Special thanks to Ö. Mutluer (IMMIP) for the excellent technical assistance.

Author’s contributions

LEL and AH conceived and designed the study. MR, VK, KW, AW, GK and RSET performed the experiments. MR and LEL analysed and interpreted data sets. MR and LEL wrote the manuscript which was then critically assessed and amended by AH. All authors read and approved the final manuscript.

Funding

RSET was supported by a fellowship awarded by the German Academic Exchange Committee (DAAD) and intramural funding by the University Hospital of Bonn (BONFOR). LEL and GK are recipients of DFG funding within the “African-German Cooperation Projects in Infectiology” (LA 2746/1-1). AH is a member of the Excellence Cluster Immunosensation (DFG, EXC 1023). AH and LEL are members of the Excellence Cluster Immunosensation (DFG, EXC 1023) and of the German Centre of Infectious Disease (DZIF).

Compliance with ethical standards

Ethics approval and consent to participate

All applicable international, national, and/or institutional guidelines for the care and use of animals were followed. All procedures performed in studies involving animals were in accordance with the ethical standards of the institution or practice at which the studies were conducted. Animal studies conducted in this manuscript were approved by the local government authorities: Landesamt für Natur, Umwelt und Verbraucherschutz NRW, Germany (84-02.04.2014.A301). This article does not contain any studies with human participants performed by any of the authors.

Informed consent

Not applicable

Conflict of interest

The authors declare that they have no conflict of interest.

Supplementary material

436_2018_5959_Fig7_ESM.png (31 kb)
Online Resource 1

Reduced cellular infiltration into the TC of infected IL-17A−/− mice. Groups of WT and IL-17A−/− mice were infected with L. sigmodontis for 28 days. Thereafter, cells within the TC (a) or mLN (b) were determined. Values are expressed as mean ± SEM and symbols show levels in each mouse from 4 independent infection experiments (n = 20 IL-17A−/− and n = 23 WT mice). Statistical significances between the indicated groups were obtained using the unpaired t test (a) and the Mann-Whitney-U-tests (b). Asterisks denote significant differences between the groups indicated by the brackets (*p < 0.05). (PNG 30 kb)

436_2018_5959_MOESM1_ESM.tif (203 kb)
High resolution image (TIF 203 kb)
436_2018_5959_Fig8_ESM.png (47 kb)
Online Resource 2

Gating strategy for monocytes, macrophages, neutrophils and eosinophils in the TC. Groups of WT and IL-17A−/− C57BL/6 mice were infected with L. sigmodontis for 28 days. TC cells were stained with fluorophore-conjugated anti-mouse CD11b, SiglecF, F4/80, GR1 and Ly6c monoclonal antibodies and frequencies of CD11b+SiglecF+ eosinophils, CD11b+SiglecFLy6c+ monocytes, CD11b+SiglecFGR1+ neutrophils and CD11b+SiglecFF4/80+ macrophages were analysed according to the presented gating strategy. (PNG 47 kb)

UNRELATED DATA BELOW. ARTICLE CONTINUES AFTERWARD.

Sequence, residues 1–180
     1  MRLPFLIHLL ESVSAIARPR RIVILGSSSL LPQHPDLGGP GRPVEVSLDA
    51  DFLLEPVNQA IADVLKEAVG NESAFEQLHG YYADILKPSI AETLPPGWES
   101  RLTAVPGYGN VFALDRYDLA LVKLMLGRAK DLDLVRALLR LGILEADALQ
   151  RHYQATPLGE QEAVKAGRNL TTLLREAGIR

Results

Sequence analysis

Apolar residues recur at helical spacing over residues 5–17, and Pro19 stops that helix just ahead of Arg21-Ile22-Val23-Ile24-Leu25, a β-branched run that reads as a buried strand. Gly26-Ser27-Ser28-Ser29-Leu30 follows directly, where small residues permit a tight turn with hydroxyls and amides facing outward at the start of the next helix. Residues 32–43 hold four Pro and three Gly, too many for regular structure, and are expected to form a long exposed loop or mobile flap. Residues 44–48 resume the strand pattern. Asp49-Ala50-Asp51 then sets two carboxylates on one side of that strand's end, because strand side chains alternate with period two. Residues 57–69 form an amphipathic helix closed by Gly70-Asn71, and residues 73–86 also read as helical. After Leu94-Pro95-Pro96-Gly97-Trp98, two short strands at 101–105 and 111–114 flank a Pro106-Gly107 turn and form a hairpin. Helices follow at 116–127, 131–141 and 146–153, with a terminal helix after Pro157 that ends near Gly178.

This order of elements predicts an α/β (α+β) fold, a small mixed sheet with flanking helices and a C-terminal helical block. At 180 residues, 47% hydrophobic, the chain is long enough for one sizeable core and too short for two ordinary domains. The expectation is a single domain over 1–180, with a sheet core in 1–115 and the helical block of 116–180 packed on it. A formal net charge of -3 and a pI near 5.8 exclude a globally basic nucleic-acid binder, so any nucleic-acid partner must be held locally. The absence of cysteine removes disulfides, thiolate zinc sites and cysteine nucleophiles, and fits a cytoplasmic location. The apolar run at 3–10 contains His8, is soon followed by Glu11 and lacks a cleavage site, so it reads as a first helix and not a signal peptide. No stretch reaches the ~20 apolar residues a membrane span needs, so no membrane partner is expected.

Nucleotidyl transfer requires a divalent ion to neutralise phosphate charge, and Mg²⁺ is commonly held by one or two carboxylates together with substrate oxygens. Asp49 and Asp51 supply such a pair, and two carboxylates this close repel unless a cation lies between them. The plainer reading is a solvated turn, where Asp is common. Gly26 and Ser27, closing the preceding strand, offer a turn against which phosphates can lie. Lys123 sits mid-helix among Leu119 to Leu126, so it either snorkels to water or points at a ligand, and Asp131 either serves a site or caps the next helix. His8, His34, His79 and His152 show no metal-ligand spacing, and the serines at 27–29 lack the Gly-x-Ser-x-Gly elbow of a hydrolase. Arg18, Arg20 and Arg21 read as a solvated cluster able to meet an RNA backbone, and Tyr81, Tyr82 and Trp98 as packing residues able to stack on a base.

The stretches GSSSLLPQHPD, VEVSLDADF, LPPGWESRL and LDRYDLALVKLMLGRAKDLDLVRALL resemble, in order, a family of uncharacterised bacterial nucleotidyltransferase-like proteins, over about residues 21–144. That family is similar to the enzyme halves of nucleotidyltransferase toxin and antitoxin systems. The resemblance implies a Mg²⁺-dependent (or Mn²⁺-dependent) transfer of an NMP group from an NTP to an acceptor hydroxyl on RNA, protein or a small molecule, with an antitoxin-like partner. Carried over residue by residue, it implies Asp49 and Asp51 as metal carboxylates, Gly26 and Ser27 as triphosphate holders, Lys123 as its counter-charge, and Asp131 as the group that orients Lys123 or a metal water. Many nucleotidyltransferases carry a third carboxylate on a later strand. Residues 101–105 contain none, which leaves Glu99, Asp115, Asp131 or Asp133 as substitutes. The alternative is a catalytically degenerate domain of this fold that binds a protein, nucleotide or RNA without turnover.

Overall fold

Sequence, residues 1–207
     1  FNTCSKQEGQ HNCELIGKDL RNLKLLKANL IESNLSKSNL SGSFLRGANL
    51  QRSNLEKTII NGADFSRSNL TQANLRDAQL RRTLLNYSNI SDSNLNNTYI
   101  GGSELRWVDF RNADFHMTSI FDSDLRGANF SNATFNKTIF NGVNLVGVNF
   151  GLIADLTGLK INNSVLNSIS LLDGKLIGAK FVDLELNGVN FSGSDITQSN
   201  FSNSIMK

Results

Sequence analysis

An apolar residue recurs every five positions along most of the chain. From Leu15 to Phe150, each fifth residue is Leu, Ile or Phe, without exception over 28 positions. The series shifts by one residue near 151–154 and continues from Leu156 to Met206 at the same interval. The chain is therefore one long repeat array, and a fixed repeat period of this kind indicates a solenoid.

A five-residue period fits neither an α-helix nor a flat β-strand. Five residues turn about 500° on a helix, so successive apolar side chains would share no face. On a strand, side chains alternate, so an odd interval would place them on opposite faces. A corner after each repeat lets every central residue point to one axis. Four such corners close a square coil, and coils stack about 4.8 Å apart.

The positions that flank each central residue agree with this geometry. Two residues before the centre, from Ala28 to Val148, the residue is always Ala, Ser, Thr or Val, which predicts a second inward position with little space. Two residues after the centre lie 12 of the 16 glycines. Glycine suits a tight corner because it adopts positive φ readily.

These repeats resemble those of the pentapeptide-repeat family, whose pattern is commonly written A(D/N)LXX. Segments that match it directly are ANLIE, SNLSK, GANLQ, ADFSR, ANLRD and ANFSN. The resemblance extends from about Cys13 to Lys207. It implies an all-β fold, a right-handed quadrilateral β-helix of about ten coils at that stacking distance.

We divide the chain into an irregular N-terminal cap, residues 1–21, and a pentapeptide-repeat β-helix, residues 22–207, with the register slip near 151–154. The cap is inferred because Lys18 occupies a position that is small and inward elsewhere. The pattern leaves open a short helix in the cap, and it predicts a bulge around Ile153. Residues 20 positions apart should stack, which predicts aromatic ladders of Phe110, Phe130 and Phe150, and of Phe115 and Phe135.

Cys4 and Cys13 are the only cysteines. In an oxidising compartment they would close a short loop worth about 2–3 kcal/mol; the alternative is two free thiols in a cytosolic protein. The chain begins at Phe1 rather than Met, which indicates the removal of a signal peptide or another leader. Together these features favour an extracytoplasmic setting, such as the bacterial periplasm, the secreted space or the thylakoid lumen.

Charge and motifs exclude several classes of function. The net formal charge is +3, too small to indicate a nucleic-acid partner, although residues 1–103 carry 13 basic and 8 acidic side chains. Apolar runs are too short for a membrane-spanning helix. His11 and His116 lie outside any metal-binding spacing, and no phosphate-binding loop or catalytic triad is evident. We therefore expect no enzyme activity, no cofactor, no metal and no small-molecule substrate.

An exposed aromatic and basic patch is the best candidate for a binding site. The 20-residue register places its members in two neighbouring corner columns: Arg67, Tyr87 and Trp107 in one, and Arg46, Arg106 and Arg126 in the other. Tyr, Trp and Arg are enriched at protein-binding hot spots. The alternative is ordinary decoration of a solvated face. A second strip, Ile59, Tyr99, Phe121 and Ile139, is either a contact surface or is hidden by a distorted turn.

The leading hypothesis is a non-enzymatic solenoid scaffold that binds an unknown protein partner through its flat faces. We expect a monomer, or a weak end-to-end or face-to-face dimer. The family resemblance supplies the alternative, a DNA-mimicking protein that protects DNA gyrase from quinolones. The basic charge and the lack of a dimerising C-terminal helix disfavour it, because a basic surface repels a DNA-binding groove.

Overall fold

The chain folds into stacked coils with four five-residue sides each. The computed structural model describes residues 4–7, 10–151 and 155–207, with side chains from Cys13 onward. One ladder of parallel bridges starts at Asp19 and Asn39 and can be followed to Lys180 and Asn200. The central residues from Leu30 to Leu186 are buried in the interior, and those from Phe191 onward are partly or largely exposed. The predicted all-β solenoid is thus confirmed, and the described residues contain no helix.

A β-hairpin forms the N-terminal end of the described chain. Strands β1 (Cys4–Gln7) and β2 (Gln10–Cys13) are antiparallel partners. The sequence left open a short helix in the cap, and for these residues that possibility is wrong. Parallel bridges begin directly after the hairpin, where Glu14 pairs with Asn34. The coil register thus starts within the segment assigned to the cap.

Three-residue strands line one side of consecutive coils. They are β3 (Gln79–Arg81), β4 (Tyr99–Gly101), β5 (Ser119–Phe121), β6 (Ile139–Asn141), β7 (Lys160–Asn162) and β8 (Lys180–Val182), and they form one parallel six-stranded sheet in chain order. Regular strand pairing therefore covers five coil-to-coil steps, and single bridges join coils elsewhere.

436_2018_5959_MOESM2_ESM.tif (301 kb)
High resolution image (TIF 301 kb)
436_2018_5959_Fig9_ESM.png (800 kb)
Online Resource 3

Peripheral cell differentiation is unchanged in L. sigmodontis-infected IL-17A−/− C57BL/6 mice. Groups of WT and IL-17A−/− C57BL/6 mice were infected with L. sigmodontis for 28 days. In peripheral blood, the frequency of macrophages (a), lymphocytes (b), neutrophils (c) and eosinophils (d) were determined in individual mice using microscopy. Values are expressed as mean ± SEM and symbols show levels in each mouse from 3 independent infection experiments (n = 10 IL-17A−/− and n = 13 WT mice). Statistical significances between the indicated groups were obtained using the Mann-Whitney-U-tests. (PNG 799 kb)

436_2018_5959_MOESM3_ESM.tif (327 kb)
High resolution image (TIF 326 kb)
436_2018_5959_MOESM4_ESM.png (158 kb)
Online Resource 4 Gating strategy for CD4+ and CD4+Foxp3+ cell populations. Groups of WT and IL-17A−/− C57BL/6 mice were infected with L. sigmodontis for 28 days. TC and mLN cells were stained with fluorophore-conjugated anti-mouse CD4 and Foxp3 monoclonal antibodies and frequencies of CD4+ T cells and CD4+Foxp3+ Treg were analysed according to the presented gating strategy. (PNG 158 kb)
436_2018_5959_MOESM5_ESM.png (199 kb)
Online Resource 5 Gating strategy for CD4+Rorγt+pStat3+ and CD4+Rorγt+pStat3+IL-17A+ cell populations. Groups of WT and IL-17A−/− C57BL/6 mice were infected with L. sigmodontis for 28 days. TC and mLN cells were stained with fluorophore-conjugated anti-mouse CD4, Rorγt, pStat3 (Y705) and IL-17A monoclonal antibodies and frequencies of CD4+Rorγt+pStat3+ and CD4+Rorγt+pStat3+IL-17A+ Th17 cells were analysed according to the presented gating strategy. (PNG 199 kb)

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Open Access This article is distributed under the terms of the Creative Commons Attribution 4.0 International License (http://creativecommons.org/licenses/by/4.0/), which permits unrestricted use, distribution, and reproduction in any medium, provided you give appropriate credit to the original author(s) and the source, provide a link to the Creative Commons license, and indicate if changes were made.

Authors and Affiliations

  1. 1.Institute of Medical Microbiology, Immunology and Parasitology (IMMIP)University Hospital of BonnBonnGermany
  2. 2.Ecole Supérieure des Techniques Biologiques et AlimentairesUniversité de LoméLoméTogo
  3. 3.German Centre for Infection Research (DZIF), Partner Site, Bonn-CologneBonnGermany